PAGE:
https://www.youtube.com/watch?v=l-4ryV077zU
Last edited by João1993 at Nov 29, 2015,
#11
I think it's a good idea to try and learn to arrange parts for all the instruments; I'm sure it makes you more creative overall.

I personally find it to be one of the toughest parts in composition (especially now that I write orchestral music) but it's very rewarding to be able to make a sophisticated arrangement all by yourself. It also gives you amazing creative freedom and it's fun to play around with the timbres, rhythms, chord voicings/arpeggiations, counterpoint, among other details.

You can have a good melody, but it's the arrangement that makes or breaks it.
Last edited by Elintasokas at Nov 29, 2015,
#12
Quote by Elintasokas
I think it's a good idea to try and learn to arrange parts for all the instruments; I'm sure it makes you more creative overall.

I personally find it to be one of the toughest parts in composition (especially now that I write orchestral music) but it's very rewarding to be able to make a sophisticated arrangement all by yourself. It also gives you amazing creative freedom and it's fun to play around with the timbres, rhythms, chord voicings/arpeggiations, counterpoint, among other details.

You can have a good melody, but it's the arrangement that makes or breaks it.


yeah I was thinking Michael jackson used to get full melodies pop in his head guitar bass drums vocals and then record them..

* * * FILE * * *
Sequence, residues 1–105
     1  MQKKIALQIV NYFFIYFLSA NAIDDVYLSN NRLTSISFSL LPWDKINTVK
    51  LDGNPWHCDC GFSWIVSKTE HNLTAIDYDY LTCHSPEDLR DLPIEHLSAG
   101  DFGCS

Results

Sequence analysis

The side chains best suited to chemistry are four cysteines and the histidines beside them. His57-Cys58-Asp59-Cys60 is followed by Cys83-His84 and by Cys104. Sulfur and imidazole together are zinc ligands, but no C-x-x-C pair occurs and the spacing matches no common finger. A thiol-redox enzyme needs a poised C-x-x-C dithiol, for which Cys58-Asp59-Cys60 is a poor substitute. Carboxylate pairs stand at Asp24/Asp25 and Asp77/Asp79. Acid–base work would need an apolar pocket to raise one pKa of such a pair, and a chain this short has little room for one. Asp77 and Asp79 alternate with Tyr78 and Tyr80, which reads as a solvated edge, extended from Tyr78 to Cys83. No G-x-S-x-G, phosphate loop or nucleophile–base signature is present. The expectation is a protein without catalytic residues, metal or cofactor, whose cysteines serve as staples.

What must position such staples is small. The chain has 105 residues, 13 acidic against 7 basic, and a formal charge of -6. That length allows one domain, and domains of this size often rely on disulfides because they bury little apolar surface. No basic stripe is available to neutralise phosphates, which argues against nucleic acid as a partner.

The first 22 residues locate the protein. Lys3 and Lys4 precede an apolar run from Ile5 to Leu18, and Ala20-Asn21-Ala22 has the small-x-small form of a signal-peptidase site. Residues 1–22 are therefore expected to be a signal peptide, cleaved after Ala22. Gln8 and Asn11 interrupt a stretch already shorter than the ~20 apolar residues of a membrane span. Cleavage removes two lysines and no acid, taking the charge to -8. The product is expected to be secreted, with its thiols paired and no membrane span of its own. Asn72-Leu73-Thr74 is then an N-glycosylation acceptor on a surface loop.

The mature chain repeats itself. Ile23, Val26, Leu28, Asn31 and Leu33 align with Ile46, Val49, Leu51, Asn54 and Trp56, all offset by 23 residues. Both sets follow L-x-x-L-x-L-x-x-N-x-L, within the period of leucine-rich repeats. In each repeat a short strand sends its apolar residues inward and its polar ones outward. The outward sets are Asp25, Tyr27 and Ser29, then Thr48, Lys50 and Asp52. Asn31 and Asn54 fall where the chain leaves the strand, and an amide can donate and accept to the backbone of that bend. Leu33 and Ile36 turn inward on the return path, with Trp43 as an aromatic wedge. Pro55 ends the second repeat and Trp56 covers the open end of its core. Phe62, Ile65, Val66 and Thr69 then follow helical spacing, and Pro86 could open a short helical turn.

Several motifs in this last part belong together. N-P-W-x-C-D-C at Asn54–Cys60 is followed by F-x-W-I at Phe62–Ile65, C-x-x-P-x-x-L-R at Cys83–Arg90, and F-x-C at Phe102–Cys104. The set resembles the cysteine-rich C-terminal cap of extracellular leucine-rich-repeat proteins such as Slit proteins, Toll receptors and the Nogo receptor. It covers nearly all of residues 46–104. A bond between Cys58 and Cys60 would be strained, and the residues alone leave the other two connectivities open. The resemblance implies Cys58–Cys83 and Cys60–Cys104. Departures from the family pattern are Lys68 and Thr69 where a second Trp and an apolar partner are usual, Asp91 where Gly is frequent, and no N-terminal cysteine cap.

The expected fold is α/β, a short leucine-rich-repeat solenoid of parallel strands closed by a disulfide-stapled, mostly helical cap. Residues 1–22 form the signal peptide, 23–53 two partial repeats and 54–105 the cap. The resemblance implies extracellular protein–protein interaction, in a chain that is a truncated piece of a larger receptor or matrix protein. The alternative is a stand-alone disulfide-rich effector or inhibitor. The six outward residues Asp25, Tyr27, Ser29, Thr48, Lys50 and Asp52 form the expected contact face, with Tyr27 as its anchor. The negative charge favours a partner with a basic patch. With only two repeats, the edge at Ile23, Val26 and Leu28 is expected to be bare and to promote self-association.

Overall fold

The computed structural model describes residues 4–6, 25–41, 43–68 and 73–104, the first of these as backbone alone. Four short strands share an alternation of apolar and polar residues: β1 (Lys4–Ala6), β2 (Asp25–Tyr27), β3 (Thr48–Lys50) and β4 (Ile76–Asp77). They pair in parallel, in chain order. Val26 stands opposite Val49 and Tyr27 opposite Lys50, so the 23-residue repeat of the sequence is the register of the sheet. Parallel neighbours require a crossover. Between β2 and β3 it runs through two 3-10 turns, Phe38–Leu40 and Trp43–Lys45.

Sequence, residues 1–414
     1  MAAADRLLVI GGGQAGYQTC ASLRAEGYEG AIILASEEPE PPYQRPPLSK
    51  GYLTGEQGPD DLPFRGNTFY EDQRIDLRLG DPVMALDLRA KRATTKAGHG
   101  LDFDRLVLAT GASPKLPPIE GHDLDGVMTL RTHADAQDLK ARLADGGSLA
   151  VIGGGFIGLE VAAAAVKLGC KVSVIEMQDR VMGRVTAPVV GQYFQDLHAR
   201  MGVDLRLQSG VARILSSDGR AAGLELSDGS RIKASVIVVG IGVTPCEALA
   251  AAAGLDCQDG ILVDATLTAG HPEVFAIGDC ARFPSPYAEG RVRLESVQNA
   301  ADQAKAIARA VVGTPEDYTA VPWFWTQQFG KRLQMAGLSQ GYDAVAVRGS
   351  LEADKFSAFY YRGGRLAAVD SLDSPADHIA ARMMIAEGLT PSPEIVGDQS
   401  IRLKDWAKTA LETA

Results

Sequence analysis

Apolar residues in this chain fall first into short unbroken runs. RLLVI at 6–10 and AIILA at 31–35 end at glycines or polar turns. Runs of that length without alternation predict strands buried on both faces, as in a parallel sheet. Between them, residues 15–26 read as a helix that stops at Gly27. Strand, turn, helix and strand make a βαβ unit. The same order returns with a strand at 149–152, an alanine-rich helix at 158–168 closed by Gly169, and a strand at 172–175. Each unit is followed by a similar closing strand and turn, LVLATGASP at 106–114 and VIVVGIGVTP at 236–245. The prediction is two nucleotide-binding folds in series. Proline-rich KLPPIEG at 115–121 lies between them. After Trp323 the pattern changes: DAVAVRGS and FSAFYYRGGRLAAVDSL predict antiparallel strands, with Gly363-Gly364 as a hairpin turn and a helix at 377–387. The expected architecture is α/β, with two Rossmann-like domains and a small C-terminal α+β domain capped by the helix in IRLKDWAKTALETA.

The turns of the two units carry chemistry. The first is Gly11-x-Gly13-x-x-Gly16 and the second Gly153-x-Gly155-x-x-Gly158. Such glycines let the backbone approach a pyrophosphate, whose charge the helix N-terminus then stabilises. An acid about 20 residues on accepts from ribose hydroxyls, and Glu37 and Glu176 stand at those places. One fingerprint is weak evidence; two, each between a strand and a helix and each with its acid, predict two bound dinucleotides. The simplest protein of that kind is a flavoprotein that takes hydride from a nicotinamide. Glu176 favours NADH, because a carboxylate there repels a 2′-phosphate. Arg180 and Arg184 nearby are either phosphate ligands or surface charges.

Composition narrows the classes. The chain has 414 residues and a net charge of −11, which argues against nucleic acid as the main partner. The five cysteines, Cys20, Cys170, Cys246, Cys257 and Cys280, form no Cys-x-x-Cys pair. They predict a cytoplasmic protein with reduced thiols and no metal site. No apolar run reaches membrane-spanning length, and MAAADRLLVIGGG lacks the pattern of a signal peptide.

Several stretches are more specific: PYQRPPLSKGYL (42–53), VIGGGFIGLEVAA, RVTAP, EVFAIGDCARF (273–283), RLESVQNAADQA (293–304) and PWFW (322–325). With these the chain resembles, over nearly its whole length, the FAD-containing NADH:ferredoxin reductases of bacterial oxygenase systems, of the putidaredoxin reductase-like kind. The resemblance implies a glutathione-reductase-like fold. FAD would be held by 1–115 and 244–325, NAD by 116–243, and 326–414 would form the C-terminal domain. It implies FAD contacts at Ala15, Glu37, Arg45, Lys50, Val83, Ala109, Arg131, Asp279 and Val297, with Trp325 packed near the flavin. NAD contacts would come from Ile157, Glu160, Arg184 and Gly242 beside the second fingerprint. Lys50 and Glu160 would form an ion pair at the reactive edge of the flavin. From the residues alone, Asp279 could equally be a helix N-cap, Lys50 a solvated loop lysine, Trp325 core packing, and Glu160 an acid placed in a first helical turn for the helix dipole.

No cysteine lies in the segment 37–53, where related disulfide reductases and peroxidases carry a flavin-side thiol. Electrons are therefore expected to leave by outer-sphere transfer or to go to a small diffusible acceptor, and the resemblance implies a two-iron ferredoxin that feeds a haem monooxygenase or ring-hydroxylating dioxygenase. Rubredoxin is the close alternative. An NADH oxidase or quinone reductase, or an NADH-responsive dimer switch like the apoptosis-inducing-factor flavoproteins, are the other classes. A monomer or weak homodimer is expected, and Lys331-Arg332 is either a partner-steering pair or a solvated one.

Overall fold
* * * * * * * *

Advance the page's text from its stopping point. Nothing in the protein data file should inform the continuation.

I get guitar only I think because I'm used to focus on guitar and voice only
#13
For me, where I write makes a difference. If I write in my DAW, I generally start with a beat, and then whatever instruments, or I might start with something else. So, If I'm feeling like doing something on bass next, then that song might be a more bass dominant song. If I write on the guitar, the song will be more of a guitar song, and will have a more full, more dominant part on the guitar. If I write it on piano, the piano will have the more dominant part. The only thing really that would be more dominant than the main instrument, for the majority of the song, would be the melody/vocals.

If I decide to produce a song I wrote on an instrument, then I write all the parts for it one by one depending on what order I feel like doing it. I will usually leave the guitar part as it was, and just write other stuff to complement it. I like to keep the arrangement wide open, and go and explore and see what happens, rather than think of some whole vision, and then accomplish that, but I have a general idea going in. So, I'll know if I'm gonna want to add a piano, or if I will want some digital saw tooth chunky bass, or horns, or strings or whatever, and that's what guides what order I do stuff in also. But I don't know what it's going to be like exactly until it's done. I like to build step by step tailor making every layer for the previous ones, and I might scrap earlier stuff if I get an idea I prefer, so the end result is always kind of a mystery to me, until I whittled it out, piece by piece.